Device support: Some smart hubs only support a small number of devices made by hub manufacturers. Others offer certification programs for third-party devices and / or offer links to systems developed by third parties: Amazon (Alexa), Nest (thermostats, cameras and smoke / CO detectors) and Google (Google Assistant) are the big ones here, but AppleHomeKit may be important later. It is important to consider all the devices you already have in your home and if the hub will support it. If the center doesn't support them, you may see a massive increase later. Also, you need to think about which devices you want to add to your network.
IFTTT support: Many of the major smart home systems support IFTTT (If This Then That), a simple scripting system that allows you to connect devices that shouldn't be there. For example, you can use IFTTT to turn on all blue lights if your smart hub detects a water leak, even if it cannot communicate directly with the lighting system. Stringify is a similar service, and perhaps more sophisticated, but it has not received as much appeal as IFTTT.
Wired vs. Wireless Hub Connection: Many smart hubs must be connected to your wireless router via an ethernet cable, which limits its location and of course requires a free ethernet port on your router. That could be a problem with a new generation of mesh routers, like chips that only have two ethernet ports (Eero, Google Wifi, TP-Link Deco M5, et al). A small number of hubs are wireless and can be placed anywhere within reach of the router, increasing its flexibility.
Sensor range: If your home is large or extended, you should pay attention to the range supported by the sensor hub. Hub It can support a variety of connection protocols, including Bluetooth, Wi-Fi, Z-Wave, and Zigbee, all of which have very different ranges. Like a wireless router, the range of a smart hub can also be affected by interference and device location, and the smart home device itself has different specifications. Take the time to view detailed specifications to make sure third-party sensors and devices really work with your home infrastructure.
Backup battery: If the power goes out, smart lights may not be helpful, but other smart home features, like security sensors, depend on a hub that's always on. Many smart hubs, even those not based on security, have battery backup (either through rechargeable cells or standard AAS). Even a brief power outage can cause significant delays when the hub is reconnected, making the backup battery meaningful in many home environments. If you like everything else about a particular hub that doesn't have a backup battery option, consider investing in an uninterruptible power supply to install it.
Use of a mobile application.: You will probably interact with your hub mainly through your mobile app, so you want an intuitive and powerful system, with all the main features it uses in the front and center. The app store screenshots and of course our reviews can help you understand what you are getting on the app side.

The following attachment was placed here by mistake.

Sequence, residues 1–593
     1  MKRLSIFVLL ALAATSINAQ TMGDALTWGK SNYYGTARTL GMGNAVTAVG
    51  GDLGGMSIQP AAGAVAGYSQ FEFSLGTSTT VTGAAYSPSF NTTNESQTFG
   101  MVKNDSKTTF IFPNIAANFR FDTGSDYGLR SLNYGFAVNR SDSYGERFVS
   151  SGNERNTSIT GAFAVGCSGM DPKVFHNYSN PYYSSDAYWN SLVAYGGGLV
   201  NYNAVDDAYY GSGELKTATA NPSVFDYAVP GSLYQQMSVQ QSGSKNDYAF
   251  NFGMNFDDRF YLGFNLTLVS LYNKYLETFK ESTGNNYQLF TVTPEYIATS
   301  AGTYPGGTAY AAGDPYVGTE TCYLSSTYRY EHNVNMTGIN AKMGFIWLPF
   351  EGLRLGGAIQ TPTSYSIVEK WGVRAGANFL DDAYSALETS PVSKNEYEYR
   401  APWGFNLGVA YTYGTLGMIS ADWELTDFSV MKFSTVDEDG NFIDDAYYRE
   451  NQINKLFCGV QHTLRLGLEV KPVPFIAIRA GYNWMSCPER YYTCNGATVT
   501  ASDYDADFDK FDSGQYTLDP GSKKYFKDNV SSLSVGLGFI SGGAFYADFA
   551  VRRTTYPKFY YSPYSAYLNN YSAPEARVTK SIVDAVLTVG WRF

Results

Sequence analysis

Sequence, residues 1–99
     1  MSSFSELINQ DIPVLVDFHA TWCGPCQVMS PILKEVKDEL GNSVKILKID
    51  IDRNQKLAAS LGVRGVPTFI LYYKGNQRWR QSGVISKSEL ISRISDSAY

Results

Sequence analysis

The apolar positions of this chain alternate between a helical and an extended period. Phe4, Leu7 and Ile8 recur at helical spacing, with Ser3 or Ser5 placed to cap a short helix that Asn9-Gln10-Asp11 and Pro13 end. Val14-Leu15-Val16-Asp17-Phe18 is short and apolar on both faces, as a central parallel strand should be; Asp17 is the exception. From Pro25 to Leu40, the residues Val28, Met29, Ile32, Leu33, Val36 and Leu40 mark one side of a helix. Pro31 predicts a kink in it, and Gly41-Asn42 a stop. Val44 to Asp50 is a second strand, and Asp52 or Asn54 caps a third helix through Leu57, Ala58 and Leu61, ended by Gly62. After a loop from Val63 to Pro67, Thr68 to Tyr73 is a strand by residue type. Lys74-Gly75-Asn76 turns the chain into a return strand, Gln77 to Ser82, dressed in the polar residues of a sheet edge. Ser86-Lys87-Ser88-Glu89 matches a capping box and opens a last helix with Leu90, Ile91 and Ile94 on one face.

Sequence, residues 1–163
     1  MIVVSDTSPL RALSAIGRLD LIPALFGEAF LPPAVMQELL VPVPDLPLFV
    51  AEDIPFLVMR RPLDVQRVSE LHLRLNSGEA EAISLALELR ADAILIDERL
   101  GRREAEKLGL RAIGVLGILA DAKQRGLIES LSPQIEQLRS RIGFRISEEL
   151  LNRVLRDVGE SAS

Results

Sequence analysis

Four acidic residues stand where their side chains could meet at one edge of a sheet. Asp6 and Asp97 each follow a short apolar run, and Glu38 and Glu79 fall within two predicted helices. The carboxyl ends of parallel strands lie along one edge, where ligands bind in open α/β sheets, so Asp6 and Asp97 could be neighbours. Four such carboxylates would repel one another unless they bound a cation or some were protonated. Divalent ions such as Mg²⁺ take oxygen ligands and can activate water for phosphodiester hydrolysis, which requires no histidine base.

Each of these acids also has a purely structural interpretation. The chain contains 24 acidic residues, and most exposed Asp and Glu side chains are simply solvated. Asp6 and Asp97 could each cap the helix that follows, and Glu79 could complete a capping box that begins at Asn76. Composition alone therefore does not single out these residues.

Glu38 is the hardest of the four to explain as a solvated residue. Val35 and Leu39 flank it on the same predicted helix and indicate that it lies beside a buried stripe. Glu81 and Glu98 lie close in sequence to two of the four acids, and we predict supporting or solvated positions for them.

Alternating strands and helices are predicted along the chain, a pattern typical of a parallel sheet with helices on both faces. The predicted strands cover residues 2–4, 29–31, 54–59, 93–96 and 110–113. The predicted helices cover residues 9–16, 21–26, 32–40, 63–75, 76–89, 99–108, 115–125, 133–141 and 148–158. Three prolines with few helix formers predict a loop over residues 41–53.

General complexity: This is a complementary consideration for mobile applications, especially those related to audiences for which smart home systems are developed. Is the system aimed at everyday users with limited adjustment needs? Or is it built with extreme flexibility in mind, to the point that configuration decisions can overwhelm novice users? Again, your full attention to our reviews can help you assess how comfortable you can feel with any system.
In addition to the above, the following considerations are primarily directed at systems with a security approach.
Sensor bracket: Supplemental Considerations for Previous Device Support Issues, If you're looking for a security-centric smart hub, you'll want one that has support for all the sensors you need. Most security hubs only work with sensors made by the same manufacturer, so you can't mix and match as well as commonly used smart hubs. Some security systems only offer a very limited range of sensor types, while others have a wide variety to choose from.
Cellular radio backup: If you could break the broadband connection to beat the security system, it wouldn't be much better, right? Every good security system will include a 3G cellular backup that can be used if your broadband connection goes down. You should also carefully consider the above battery backup considerations, which are important in overcoming power outages and are a standard feature in most security centers.
Professional monitoring: If you don't want to control your own security system 24/7, at least you want the option of getting involved with a professional security company that can monitor you when you go for a walk. This is always an additional cost, leading to our final consideration …
Service package rates: Service package costs vary greatly from system to system, and many providers offer a variety of packages to choose from. Some systems will work without a service plan, allowing you to monitor yourself. Some need a plan to work at all. Also note that lower level service packages may not include professional monitoring (Ring Alarm has one of the cheapest packages: $ 10 per month with no long term commitments). Carefully determine the price of the service pack before pulling the trigger.